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Sparrow, The (2008)
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by Jay Seaver

"When it's beautiful, it's almost musical."
4 stars

SCREENED AT THE 2008 FANTASIA FESTIVAL: Johnnie To's "Sparrow" begins with a small delight of a scene: Simon Yam sewing a button back onto his coat. The score could come from a classic musical, and from Yam's body language, the audience almost expects him to jump up and burst into song and dance. What a movie it would have been if he had, rather than being frequently tied down by plot!

That plot has Yam's Kei playing one of a team of four pickpockets; they're often good enough that they can extract the money out of a person's wallet and return it. Kei's hobby is photography, and one day he snaps some pictures of a beautiful woman (Kelly Lin). This woman, Chung Chun Lei, is the unhappy mistress of Boss Fu (Lo Hoi-Pang), and she also has encounters with the other members of the team. Fu's men are not pleased with that, and rough them up, which is part of why Kei is more than a little hesitant when Chun Lei asks for their help in retrieving her passport - which Fu keeps in a locked safe with the key always on his person.

Sparrow is often far more whimsical than what people think of as the typical Johnnie To movie, although that's due in part to the fact that his gangster movies get exported with far more regularity than his forays into other genres. There are times when it does seem like he is trying to make something like a musical or a dance picture, as the pickpockets wordlessly show off their precision work to the wonderful score by Fred Avril and Xavier Jamaux. The sequence at the end, in the rain with umbrellas, is a thing of true beauty.

At the moments when it becomes necessary to advance the plot, though, the movie sometimes stumbles. I don't know if we ever get any sort of explanation to why Chun Lei chooses these four pickpockets to help her, for example. This movie also feels like it's just primed for romance yet doesn't really do much in that department at all; it's tough to guess whether Chun Lei favors Kei or the more smoothly handsome Bo (Lam Ka Tung) out of the pickpockets.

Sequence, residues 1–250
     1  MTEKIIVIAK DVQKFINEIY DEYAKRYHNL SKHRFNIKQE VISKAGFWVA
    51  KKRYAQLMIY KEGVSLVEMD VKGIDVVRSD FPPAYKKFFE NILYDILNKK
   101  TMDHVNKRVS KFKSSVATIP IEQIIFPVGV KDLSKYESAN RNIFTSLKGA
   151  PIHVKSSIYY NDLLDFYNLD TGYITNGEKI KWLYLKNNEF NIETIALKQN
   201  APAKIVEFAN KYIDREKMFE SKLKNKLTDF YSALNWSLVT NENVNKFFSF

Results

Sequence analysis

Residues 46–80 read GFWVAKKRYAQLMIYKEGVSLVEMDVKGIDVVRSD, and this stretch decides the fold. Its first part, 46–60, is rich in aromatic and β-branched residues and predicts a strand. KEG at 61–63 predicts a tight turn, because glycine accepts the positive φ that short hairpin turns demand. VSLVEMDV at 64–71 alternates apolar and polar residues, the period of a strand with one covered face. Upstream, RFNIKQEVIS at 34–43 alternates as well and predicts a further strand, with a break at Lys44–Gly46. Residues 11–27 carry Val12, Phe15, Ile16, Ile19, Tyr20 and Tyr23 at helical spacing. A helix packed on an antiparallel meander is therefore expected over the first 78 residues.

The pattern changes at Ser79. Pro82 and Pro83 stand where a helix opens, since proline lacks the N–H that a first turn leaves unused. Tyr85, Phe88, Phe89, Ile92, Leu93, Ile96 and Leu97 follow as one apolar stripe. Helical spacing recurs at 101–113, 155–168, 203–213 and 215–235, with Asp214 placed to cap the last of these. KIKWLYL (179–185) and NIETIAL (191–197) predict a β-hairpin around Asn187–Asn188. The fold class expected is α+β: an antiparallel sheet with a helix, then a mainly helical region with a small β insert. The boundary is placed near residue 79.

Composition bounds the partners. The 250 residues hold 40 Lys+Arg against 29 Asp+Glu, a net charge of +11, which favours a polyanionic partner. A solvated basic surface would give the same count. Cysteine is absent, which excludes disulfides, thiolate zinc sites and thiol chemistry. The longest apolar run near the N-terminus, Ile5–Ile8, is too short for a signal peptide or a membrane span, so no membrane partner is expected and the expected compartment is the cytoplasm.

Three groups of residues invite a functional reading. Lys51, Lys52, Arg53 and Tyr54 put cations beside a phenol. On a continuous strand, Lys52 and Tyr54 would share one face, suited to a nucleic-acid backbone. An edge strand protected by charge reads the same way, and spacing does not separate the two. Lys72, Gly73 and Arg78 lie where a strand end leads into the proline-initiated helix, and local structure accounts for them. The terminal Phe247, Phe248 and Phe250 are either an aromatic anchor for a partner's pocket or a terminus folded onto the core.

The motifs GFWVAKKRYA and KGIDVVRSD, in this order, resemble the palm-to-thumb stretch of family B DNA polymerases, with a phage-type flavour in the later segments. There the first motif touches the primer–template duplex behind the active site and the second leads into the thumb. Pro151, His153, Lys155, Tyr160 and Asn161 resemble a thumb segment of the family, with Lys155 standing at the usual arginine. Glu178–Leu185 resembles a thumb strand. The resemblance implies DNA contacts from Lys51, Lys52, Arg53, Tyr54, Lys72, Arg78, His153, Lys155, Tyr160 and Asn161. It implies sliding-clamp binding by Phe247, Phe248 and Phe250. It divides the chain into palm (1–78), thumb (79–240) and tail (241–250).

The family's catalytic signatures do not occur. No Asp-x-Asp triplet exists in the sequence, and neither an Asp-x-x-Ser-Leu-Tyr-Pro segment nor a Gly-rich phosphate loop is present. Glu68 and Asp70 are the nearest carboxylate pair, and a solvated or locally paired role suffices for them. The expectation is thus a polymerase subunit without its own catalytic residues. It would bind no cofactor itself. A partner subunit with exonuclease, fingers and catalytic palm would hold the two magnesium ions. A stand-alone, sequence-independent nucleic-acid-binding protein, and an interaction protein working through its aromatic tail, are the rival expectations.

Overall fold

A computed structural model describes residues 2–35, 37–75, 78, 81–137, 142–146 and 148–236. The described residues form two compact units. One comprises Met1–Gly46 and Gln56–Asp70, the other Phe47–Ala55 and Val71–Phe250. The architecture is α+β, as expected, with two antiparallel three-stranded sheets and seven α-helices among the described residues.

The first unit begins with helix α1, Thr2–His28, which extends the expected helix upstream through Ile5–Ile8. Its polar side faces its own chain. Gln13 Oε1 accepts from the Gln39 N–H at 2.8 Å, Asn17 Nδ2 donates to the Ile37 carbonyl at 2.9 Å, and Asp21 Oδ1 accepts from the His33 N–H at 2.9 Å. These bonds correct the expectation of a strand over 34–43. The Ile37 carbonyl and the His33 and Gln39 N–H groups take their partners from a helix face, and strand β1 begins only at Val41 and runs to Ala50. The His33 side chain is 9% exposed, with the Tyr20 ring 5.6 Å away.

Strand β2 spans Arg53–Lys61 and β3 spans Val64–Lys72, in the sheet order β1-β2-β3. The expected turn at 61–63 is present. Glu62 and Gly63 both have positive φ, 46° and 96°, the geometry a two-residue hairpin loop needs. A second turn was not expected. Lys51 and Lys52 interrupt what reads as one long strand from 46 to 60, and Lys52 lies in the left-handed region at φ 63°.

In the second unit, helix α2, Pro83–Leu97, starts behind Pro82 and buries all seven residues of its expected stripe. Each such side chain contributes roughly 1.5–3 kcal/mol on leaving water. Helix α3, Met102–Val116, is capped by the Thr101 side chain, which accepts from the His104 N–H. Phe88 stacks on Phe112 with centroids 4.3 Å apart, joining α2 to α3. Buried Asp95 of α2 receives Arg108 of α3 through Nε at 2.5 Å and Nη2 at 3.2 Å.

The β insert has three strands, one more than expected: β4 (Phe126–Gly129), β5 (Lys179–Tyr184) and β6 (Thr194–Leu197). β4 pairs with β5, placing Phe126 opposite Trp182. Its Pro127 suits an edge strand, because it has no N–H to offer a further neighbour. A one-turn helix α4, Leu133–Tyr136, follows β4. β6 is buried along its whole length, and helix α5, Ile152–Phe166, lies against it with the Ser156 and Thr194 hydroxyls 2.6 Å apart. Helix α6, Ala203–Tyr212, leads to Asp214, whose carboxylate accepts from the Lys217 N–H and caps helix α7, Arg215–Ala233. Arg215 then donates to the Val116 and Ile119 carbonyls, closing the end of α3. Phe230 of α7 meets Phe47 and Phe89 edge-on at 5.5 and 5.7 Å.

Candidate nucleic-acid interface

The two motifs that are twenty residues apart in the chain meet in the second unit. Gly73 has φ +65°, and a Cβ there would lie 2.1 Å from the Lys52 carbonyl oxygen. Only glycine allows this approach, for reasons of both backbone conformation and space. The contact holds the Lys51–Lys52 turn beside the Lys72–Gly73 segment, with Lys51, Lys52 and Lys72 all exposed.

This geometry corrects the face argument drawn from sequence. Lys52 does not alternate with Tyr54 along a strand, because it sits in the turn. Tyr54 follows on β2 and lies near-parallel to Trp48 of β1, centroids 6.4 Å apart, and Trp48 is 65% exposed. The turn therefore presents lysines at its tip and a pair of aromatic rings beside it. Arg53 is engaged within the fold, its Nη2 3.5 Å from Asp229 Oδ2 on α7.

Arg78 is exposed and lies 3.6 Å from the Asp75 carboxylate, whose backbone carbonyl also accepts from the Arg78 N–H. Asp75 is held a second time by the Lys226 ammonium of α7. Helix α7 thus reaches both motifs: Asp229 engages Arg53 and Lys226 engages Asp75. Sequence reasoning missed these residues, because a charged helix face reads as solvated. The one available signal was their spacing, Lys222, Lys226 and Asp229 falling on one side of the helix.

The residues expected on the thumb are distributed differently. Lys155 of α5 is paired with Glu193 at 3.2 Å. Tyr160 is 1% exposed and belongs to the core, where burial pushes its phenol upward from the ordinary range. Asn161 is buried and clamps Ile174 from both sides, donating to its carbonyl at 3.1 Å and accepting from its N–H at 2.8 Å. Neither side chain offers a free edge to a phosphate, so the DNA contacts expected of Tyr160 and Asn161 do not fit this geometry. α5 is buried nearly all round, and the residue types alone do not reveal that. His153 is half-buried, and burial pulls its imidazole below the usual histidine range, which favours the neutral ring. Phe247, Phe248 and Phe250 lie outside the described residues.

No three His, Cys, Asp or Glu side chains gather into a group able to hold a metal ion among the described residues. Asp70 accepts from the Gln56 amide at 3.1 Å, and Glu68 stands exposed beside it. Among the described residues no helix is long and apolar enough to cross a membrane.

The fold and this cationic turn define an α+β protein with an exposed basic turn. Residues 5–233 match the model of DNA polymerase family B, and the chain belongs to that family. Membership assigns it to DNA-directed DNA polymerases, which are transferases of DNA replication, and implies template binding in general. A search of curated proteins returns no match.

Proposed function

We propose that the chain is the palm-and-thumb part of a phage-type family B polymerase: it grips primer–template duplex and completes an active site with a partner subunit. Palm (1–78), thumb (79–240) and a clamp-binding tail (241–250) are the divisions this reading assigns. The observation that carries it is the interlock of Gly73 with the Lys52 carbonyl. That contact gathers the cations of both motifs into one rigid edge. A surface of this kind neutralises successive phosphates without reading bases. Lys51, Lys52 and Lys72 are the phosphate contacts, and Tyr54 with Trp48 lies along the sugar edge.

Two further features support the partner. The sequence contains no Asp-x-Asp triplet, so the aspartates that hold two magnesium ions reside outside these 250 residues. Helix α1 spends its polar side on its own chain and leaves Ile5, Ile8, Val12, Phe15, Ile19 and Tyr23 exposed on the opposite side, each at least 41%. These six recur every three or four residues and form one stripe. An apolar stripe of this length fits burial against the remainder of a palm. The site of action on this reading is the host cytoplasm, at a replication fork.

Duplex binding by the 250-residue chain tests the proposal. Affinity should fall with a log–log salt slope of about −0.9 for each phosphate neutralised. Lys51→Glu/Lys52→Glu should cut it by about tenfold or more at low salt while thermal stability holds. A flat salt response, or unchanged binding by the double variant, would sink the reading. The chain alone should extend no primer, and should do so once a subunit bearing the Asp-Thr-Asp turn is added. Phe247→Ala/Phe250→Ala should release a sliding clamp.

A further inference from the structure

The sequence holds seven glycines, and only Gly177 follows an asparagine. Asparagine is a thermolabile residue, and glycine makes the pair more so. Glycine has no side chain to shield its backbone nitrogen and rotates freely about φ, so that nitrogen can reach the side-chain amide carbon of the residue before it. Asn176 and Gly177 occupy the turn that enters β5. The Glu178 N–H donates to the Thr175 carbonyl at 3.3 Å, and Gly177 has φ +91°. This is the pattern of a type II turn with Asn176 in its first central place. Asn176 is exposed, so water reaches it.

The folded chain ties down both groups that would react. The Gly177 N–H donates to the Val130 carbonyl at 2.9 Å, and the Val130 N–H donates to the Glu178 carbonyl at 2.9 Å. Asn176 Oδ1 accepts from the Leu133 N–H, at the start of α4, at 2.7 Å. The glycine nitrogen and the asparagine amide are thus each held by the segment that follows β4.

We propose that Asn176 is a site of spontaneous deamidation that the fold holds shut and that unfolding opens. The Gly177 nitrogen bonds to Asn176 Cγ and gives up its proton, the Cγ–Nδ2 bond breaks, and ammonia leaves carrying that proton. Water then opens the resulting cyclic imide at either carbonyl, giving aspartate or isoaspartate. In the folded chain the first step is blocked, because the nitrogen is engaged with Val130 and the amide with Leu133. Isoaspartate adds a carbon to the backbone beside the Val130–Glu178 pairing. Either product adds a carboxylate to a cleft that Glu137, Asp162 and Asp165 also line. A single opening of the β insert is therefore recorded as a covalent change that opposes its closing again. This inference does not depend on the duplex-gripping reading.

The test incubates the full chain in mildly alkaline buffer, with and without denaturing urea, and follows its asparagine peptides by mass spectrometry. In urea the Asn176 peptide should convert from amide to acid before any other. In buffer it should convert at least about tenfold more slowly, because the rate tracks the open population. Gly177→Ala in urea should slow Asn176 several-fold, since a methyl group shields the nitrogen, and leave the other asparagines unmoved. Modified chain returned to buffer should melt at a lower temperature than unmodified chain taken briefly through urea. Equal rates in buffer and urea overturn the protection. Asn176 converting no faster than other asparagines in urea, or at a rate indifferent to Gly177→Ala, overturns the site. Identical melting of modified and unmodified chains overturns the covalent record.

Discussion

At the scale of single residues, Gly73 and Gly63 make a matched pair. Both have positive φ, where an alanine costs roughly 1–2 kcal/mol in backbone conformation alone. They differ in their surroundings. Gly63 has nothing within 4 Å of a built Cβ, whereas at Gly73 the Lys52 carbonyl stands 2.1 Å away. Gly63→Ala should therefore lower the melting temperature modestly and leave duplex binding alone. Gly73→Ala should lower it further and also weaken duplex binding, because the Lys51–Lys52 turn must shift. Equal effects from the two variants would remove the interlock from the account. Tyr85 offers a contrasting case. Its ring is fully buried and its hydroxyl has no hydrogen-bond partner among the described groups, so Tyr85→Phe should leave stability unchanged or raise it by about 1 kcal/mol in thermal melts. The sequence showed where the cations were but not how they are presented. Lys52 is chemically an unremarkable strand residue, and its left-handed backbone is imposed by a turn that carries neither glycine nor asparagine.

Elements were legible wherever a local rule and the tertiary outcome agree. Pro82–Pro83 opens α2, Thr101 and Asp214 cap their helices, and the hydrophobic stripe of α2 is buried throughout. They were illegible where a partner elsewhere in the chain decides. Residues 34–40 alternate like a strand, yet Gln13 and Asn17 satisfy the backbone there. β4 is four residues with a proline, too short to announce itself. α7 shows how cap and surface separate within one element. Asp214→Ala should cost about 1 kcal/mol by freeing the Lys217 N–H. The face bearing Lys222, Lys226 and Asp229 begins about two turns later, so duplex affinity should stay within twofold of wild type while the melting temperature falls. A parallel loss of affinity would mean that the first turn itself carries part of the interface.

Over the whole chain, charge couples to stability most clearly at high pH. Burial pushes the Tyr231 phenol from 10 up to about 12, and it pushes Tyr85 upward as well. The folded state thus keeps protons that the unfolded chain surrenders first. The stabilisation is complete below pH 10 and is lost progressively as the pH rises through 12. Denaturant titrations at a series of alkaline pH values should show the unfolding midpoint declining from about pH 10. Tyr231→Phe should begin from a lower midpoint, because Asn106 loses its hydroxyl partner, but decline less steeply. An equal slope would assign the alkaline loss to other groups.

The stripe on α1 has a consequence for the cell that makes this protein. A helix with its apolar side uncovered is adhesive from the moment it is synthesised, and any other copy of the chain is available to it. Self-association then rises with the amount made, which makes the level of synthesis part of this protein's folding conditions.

That disjointedness is somewhat to be expected, giving this film's odd production history - To and company spread the filming of Sparrow out over three years, getting scenes done when the people involved were between other projects (To probably finished five or six other films while shooting this one). He does a really remarkable job of making the whole thing stick together, and in some ways I think it may have helped a lot of the sequences: There are a number of individual bits that really sparkle in this movie, and I wonder if just being able to concentrate on them and be done for a few months rather than it being just another day in a weeks-long grinding shoot kept everybody fresh.

Simon Yam is a pleasure to watch in many of his scenes; especially early on, he's playful and able to laugh at himself. There's enough joy in the photography scenes that I wondered if it was an actual hobby of his. Kelly Lin's character is sort of a chameleon at times, to the point where I didn't initially make the connection between the frazzled woman Kei meets and the brash one Bo meets in a casino. She's fun as the seductress but her ability to be bold that way doesn't serve to make the audience discount the times she's worried or afraid. Lo Hoi-Pang is able to take what is initially a small role and muscle his way to the front of the movie by the end.

As befits a movie that was shot in pieces over time, "Sparrow" is often more impressive in pieces than as a whole, but many of those pieces are exquisite. It makes me curious to see what To would do with a musical, and (long-term) what his recent talk of shooting a movie in pieces over ten years might lead to.

link directly to this review at http://www.efilmcritic.com/review.php?movie=17635&reviewer=371
originally posted: 07/08/08 23:31:06
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OFFICIAL SELECTION: 2008 Fantasia Film Festiva For more in the 2008 Fantasia Film Festival series, click here.
OFFICIAL SELECTION: 2008 Chicago International Film Festival For more in the 2008 Chicago International Film Festival series, click here.

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USA
  N/A (NR)
  DVD: 30-Dec-2008

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